It was clear that there is a lot to love about the Greenfield Garden Club in this iteration. They did not want the club to disband. We thanked Phyllis Labanowski for helping us remember what we love about the garden club and what we want to keep.

At the meeting last month we acknowledged that it is impossible for a very few club members to handle and organize all the business of the club. At the Annual Meeting on March 17 we were ready to sign up and spread responsibilities. Although change cannot be brought about with one meeting, everyone acknowledges that it is important for members to share responsibilities, and ideas.

Last week Laura Schlaikjer and I met to talk about upcoming plans. Schlaikjer, past and newly re-elected president, said she vividly remembers the first annual meeting she attended because she won the table centerpiece. That was the first time she had received such a treat. Somehow that joy transformed her from a simple member to being the treasurer. Eventually, following in the footsteps of Margareta Athey, Jan McGuane (as she was then), Richard Willard, McGuane again, and Deb Brocklesby, Schlaikjer accepted the presidency.

At the Annual Meeting we once again chose Schlaikjer as president, but this year we are going to be more helpful. Our first big event, in our newly reinvigorated club is the Extravaganza which will be held on May 25, from 8:30 a.m. to 12.30 p.m. at the John Zon Community Center. This is always a great event that gives us all a chance to share plant divisions and make some money for the club.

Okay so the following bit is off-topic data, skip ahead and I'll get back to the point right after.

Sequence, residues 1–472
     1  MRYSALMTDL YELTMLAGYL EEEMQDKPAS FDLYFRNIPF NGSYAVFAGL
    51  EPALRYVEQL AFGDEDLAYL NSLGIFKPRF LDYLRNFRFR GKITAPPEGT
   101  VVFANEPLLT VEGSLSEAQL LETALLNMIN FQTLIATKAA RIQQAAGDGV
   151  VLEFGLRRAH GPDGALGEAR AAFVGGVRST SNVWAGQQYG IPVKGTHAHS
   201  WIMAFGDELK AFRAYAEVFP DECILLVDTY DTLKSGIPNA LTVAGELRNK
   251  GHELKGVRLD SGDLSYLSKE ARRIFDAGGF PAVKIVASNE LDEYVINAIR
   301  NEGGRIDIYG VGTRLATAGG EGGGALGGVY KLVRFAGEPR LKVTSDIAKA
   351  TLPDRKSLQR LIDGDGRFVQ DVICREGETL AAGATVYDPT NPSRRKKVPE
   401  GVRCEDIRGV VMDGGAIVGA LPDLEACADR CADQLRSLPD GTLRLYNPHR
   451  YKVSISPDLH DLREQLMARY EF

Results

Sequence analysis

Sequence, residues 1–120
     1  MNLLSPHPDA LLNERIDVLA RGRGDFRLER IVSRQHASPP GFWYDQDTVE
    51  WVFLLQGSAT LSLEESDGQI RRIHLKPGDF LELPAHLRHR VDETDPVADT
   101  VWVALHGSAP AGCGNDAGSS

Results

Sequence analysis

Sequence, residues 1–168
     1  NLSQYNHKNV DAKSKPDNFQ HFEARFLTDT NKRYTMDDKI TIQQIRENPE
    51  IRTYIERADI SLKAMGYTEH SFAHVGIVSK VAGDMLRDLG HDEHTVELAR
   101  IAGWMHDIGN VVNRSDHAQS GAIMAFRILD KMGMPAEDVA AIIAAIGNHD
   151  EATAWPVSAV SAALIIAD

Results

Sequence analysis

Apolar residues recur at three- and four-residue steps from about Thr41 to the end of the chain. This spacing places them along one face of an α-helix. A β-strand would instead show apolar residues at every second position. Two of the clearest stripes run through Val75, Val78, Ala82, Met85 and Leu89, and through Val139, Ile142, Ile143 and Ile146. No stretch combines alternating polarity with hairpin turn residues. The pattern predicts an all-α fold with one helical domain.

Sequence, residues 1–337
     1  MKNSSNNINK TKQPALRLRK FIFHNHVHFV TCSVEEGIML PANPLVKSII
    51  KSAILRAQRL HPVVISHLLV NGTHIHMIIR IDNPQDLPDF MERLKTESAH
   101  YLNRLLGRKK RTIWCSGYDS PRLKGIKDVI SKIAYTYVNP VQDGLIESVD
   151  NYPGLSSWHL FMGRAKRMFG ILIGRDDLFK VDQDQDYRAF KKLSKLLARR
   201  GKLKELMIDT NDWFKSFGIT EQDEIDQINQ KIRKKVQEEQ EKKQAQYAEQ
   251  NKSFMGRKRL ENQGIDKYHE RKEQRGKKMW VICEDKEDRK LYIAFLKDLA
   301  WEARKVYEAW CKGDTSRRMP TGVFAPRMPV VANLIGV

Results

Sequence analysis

Those who are not members of the club may not be aware that most of the money raised each year goes to fund the grants we give to schools for their school gardens. Members know the garden is a wonderful place to learn about science and beauty. We want to encourage children to learn how to observe the growth of plants, and the delicious flavors of fresh vegetables.

I have served on the grant committee and learned how carefully the members consider the educational and health benefits of the items that teachers request for their students and gardens. It is always an enjoyable meeting, held in Taylor’s Tavern with a nice dinner (we all pay for our own meal) and talk about gardens and plants – as well as deliberating over the grant requests.

It has always been a goal of the Greenfield Garden Club to do what it can to beautify the community. This year, once again, the Garden Club will plant several barrels with colorful plants to place on Main Street where store owners will take responsibility to care for them.airy